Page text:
Updated: 08/15/2013 7:41 AM KSTP.com By: Maricella Miranda
Photo: MGN Online
Some home garden plants being sold at Home Depot, Lowe's and other garden centers are harmful to bees because of pretreated pesticides, according to a new study.
The pilot study, co-authored by the Pesticide Research Institute, reportedly found that seven of 13 samples of garden plants bought at stores in Washington, D.C., the San Francisco Bay area and Minneapolis contained neurotoxic pesticides - which could harm or kill bees.
The results were released Wednesday, Aug. 14, nationwide.
"Our investigation is the first to show that so called 'bee-friendly' garden plants contain pesticides that can poison bees, with no warning to gardeners," said Lisa Archer, director of the Food and Technology Program at Friends of the Earth-US, according to a statement.
"Bees are essential to our food system and they are dying at alarming rates," she added in the statement. "Neonic pesticides are a key part of the problem we can start to fix right now in our own backyards."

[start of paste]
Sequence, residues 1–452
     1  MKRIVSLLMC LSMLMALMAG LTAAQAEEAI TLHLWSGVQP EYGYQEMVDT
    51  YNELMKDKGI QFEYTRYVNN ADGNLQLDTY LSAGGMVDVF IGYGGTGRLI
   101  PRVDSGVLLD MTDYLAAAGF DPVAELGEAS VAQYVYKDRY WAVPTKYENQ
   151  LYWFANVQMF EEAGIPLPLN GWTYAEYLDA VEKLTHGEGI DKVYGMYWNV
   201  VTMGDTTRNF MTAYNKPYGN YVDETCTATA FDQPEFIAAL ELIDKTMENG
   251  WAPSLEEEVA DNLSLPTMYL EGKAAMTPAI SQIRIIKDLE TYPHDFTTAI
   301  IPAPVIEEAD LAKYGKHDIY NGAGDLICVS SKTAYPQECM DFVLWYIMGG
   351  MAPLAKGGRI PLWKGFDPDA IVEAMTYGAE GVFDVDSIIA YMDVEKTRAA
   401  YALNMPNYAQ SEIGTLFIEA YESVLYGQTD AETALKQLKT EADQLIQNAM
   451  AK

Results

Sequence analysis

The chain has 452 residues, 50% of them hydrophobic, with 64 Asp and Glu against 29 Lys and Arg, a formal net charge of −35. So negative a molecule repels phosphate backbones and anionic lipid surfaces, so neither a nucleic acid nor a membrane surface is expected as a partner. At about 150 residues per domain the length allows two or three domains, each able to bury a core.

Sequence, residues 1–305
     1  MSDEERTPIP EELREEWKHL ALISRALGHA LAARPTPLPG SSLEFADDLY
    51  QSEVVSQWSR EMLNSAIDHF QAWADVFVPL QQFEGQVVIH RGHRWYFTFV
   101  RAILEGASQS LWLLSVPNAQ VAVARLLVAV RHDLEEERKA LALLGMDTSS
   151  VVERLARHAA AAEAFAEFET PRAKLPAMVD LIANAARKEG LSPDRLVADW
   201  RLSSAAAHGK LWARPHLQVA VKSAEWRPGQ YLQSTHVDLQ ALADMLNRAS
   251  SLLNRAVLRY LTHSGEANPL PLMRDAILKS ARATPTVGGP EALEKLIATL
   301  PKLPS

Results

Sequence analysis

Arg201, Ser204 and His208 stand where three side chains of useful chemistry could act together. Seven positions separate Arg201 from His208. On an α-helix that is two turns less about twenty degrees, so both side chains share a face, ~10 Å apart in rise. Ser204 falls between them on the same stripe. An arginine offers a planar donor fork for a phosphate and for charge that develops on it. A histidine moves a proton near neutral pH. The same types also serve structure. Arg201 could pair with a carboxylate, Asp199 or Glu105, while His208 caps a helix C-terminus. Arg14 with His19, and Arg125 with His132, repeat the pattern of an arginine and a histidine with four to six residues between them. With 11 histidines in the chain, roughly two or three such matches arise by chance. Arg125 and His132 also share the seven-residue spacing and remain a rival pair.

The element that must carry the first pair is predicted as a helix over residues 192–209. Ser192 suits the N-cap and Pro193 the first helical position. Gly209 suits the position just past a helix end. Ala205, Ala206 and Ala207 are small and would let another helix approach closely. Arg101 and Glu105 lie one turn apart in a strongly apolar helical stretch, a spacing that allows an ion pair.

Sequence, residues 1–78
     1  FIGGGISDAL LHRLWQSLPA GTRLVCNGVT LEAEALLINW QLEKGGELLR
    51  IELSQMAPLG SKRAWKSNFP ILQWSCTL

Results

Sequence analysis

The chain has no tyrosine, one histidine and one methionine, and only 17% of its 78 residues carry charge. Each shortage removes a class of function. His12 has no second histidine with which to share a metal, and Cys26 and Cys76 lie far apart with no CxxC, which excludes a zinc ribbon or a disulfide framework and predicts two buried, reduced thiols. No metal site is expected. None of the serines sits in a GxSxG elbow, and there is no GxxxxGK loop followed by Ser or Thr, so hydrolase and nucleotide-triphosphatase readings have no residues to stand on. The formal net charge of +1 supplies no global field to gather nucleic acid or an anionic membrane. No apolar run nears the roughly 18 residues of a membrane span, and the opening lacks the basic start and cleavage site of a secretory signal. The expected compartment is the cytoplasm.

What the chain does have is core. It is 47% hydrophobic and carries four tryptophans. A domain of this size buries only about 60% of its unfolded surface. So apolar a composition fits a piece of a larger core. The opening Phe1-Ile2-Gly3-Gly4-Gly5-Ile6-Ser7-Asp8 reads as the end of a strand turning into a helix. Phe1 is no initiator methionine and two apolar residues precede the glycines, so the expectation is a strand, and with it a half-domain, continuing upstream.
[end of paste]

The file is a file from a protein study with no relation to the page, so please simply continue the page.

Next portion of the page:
On Wednesday, the groups Friends of the Earth, Sum of Us and others sent letters and petitions - signed by more than 175,000 people - to Lowe's, Home Depot, Target and other retailers, asking the stores to stop selling neonicotinoids and plants pretreated with the pesticides.
Officials from Atlanta-based Home Depot have yet to review the study, said Stephen Holmes, company spokesman. "... But we certainly appreciate the importance of the bee population and will be reaching out to the study groups to learn more about their findings and methodology."
Messages for Lowe's seeking comment were not returned Wednesday.
University of Minnesota experts also spoke about the study's results.
"This is an extremely important study," said Marla Spivak, an entomology professor at the U, specializing in apiculture and social insects. "Our bee pollinators need uncontaminated flowers for good nutrition and health. Everyone should take notice and support this critical cause."
These studies and similar efforts will help protect honey bees, wild bees, monarchs and many other beneficial insects, including natural enemies that control insect pests, Spivak said.
Most large garden retailers in the United Kingdom have already stopped selling neonics, according to the groups. In addition to retailers, the groups are pushing for the U.S. federal government to restrict the use of neonics.
The U.S. campaign can be found here.
Neonics, which are used for cosmetic purposes, are the most widely used class of insecticides in the world, according to the groups. Bees are exposed through multiple routes - including common garden plants.